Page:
Millcreek City Council members and Midvale Mayor Marcus Stevenson attended Thursday’s meeting in solidarity with Silvestrini’s decision, and Utah Homeless Services Coordinator Wayne Niederhauser said “We are here to support Millcreek and we appreciate what you are doing as a town.
“We made sure it’s not something permanent and it’s going to be something that goes to another city next year,” Niederhauser said. “We try to make sure everyone takes their turn.”
With at least $500,000 from the Legislative Assembly to cushion the effects of the sheltering, Millcreek will request two additional police officers to be deployed primarily on foot patrol. The city will also hire a contractor to pick up trash and waste, and is considering helping residents with items like lighting and security cameras.
“No Camping” signs go up on streets within 1,000 feet of the shelter and in Scott Avenue Park and officers are planning enhanced enforcement and targeted sweeps, said Steve DeBry, deputy chief of the Millcreek precinct of the Unified Police Department and a county. Member of the board.
Switchpoint, the service provider that operated the winter overflow shelter at nearby Osmond Living Center two years ago, will operate this, with additional private security.
“We can’t lock the doors”
The overflow shelter will be open between 7 p.m. and 7 a.m., officials reassure, with strict separation between men and women. No meals, showers or social services will be available there.
“This is not a walk-in facility,” said Salt Lake County Mayor Jenny Wilson, who also thanked the city for its assistance with what she said was a national issue.
“All of us are affected,” Wilson said.
As overflow limits at other shelters are maximum, people who have nowhere to go will be screened before coming to Millcreek by bus or van, including full searches of their belongings and checks against the state sex offender registry. Drugs, weapons and other contraband will be confiscated, DeBry said.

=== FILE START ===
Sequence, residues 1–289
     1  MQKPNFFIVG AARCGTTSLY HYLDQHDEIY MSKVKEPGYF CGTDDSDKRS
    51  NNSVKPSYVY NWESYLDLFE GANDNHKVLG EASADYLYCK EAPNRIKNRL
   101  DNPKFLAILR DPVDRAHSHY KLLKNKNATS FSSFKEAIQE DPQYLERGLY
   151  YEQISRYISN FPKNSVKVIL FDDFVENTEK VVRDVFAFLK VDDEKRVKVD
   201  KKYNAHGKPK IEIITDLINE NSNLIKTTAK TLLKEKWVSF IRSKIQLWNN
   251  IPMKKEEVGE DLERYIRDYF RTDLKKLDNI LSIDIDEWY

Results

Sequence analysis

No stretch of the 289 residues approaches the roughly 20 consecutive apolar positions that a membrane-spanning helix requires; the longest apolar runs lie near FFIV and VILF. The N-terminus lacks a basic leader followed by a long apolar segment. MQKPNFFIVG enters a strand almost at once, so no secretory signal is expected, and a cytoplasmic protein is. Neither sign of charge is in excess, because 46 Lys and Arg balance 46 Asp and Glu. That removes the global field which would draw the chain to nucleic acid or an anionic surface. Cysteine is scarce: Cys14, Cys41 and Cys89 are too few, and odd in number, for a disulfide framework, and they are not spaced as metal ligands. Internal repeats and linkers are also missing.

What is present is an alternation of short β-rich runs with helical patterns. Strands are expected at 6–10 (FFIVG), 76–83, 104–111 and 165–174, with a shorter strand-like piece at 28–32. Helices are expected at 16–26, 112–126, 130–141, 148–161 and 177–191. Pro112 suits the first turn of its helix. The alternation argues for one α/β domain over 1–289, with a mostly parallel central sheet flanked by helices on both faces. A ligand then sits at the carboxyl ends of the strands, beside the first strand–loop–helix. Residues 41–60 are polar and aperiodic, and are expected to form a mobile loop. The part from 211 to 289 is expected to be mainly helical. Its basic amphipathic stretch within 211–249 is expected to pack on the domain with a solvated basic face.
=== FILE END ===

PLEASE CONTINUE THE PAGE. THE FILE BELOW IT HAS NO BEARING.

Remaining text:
Those cleared for transport cannot be forced to stay once they arrive, “but that’s the expectation,” said Switchpoint’s Christy Johnson. “We cannot lock the doors.
“We know this is where you live and we want you to feel safe,” Johnson told Millcreek residents. “We also feel it is very important that our neighbours, our brothers and sisters, people who are part of this community who may be experiencing homelessness have shelter.
“We just want to be safe”
Petty crimes against homes and businesses and traumatic encounters involving drug addicts or those in mental distress have prompted many Millcreek residents to speak out.
Trae Eller, owner of Charlotte-Rose’s Carolina BBQ, said it wasn’t right to be demonized as apparently not caring about homeless people because they didn’t want shelter.
“We just want to be safe,” Eller said, recalling a day when small children being terrorized on the street by a homeless person ran into her store. He also complained about the short notice. “We have known for two weeks! Let me tell you where to drop a bomb near you in two weeks!
Others spoke of experiences of homelessness or helping those who had lived that way.
Erin Vistnes, a neighboring resident, worked as a case manager at the Fourth Street Clinic in Salt Lake City in 2021 when the county had no overflow shelter.
“My job is to tell people every night that they have to sleep outside,” Vistnes said. “I’m 24. It’s a devastating responsibility for me and my other social workers to take on.”
She never imagined seeing so many patients with frostbite and other injuries in a single night in the deep cold, let alone the number of homeless deaths in Salt Lake City that year.
Vistnes called the relief to learn that Millcreek would host the shelter this year “incredible”.